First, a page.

Conclusions This study verified that patients with MDD have abnormal interpersonal patterns and negative implicit schemas. However, no mediating effect of attachment relationships and interpersonal trust was found.
- Depressive Disorder
Data availability statement
Data are available on reasonable request.
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What is already known on this topic
Many psychotherapy theories emphasise the importance of implicit schemas in major depressive disorder (MDD). However, the previous studies of implicit self-schema in MDD have shown inconsistencies in their findings, and few studies have focused on implicit other-schema in MDD.
What this study adds
Unlike healthy controls, patients with MDD lacked a positive implicit self-schema and had a negative implicit other-schema.
How this study might affect research, practice or policy
Our results provide evidence for psychotherapeutic techniques that focus on self-schema and other-schema and suggest it is vital to recognise and intervene in the implicit schemas during clinical treatment.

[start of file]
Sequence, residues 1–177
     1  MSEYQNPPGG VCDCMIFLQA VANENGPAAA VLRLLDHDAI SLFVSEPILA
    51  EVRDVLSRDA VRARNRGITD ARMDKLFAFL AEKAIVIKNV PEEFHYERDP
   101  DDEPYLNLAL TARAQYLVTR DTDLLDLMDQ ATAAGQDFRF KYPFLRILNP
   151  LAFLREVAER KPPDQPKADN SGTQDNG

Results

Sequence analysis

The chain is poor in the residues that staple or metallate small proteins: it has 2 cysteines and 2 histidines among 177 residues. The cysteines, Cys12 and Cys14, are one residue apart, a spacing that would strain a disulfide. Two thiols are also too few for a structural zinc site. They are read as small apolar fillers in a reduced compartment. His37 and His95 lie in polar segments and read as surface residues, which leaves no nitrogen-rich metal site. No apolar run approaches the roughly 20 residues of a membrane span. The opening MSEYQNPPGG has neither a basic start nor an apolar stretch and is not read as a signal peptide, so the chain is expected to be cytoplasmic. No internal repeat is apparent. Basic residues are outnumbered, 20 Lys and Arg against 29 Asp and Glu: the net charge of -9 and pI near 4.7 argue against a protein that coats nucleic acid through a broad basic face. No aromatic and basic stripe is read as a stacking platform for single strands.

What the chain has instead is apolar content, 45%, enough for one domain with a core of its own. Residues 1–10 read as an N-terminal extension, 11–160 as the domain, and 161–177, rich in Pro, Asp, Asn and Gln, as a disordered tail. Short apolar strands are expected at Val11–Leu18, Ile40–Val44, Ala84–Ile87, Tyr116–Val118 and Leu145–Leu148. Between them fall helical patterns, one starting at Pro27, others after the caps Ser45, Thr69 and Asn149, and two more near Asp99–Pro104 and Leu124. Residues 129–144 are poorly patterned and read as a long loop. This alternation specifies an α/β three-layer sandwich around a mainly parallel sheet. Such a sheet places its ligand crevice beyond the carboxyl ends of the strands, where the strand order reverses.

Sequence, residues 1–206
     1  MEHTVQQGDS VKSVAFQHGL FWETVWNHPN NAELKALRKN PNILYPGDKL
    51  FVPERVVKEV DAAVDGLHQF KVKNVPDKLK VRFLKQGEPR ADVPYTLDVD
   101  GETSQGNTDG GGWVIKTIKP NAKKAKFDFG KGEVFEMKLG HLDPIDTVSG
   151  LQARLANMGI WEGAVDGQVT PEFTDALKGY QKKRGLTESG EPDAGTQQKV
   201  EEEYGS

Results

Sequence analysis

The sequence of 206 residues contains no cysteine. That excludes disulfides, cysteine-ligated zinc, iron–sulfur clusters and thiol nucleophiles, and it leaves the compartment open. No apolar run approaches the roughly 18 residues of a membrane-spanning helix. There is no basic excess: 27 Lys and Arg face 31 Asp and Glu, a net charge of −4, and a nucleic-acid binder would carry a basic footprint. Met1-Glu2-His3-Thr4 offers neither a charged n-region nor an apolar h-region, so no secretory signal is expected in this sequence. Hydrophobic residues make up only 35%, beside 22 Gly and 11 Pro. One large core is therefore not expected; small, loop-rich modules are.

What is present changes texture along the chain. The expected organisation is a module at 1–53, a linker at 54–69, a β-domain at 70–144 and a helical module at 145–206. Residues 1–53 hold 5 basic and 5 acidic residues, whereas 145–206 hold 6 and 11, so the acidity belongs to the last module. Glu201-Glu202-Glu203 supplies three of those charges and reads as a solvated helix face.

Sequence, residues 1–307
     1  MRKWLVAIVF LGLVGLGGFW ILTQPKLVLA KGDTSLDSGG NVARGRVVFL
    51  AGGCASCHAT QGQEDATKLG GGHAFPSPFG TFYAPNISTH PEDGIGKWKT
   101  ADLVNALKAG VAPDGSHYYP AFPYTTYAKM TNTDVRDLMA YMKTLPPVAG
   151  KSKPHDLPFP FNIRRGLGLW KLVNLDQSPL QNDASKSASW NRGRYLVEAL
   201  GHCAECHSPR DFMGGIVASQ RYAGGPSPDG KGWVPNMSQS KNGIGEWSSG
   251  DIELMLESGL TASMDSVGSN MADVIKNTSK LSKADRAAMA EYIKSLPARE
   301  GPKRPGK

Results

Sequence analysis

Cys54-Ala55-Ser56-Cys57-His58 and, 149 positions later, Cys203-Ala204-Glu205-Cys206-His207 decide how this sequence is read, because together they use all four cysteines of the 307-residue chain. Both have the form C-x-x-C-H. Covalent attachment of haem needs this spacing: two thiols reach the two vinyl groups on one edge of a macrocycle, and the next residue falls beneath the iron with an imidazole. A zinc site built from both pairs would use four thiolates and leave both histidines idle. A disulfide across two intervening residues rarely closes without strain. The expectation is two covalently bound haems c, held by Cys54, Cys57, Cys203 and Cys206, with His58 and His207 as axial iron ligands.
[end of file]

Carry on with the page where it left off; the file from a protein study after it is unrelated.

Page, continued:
Major depressive disorder (MDD) is a common mood disorder with a high incidence and high disease burden.1 Low mood and diminished interest are the main symptoms of MDD.2 As an important treatment focus for MDD, many psychotherapy theories emphasise the importance of implicit self-schema and other-schema,3–5 which refer to the information and organisation mode about oneself or others.6 For example, Beck, the founder of cognitive therapy pointed out that patients with MDD had negative perceptions of self, others and the world (ie, core beliefs) that are automatic and unconscious.3 ‘I am unlovable’ and ‘I am incompetent’ are two common self-schemas in MDD.7 However, the evidence about the characteristics of implicit self-schema in patients with MDD has been inconsistent, and few studies have focused on the implicit other-schema in MDD. Thus, the characteristics of implicit schemas are not clear. Furthermore, how implicit schemas affect depression is also poorly understood.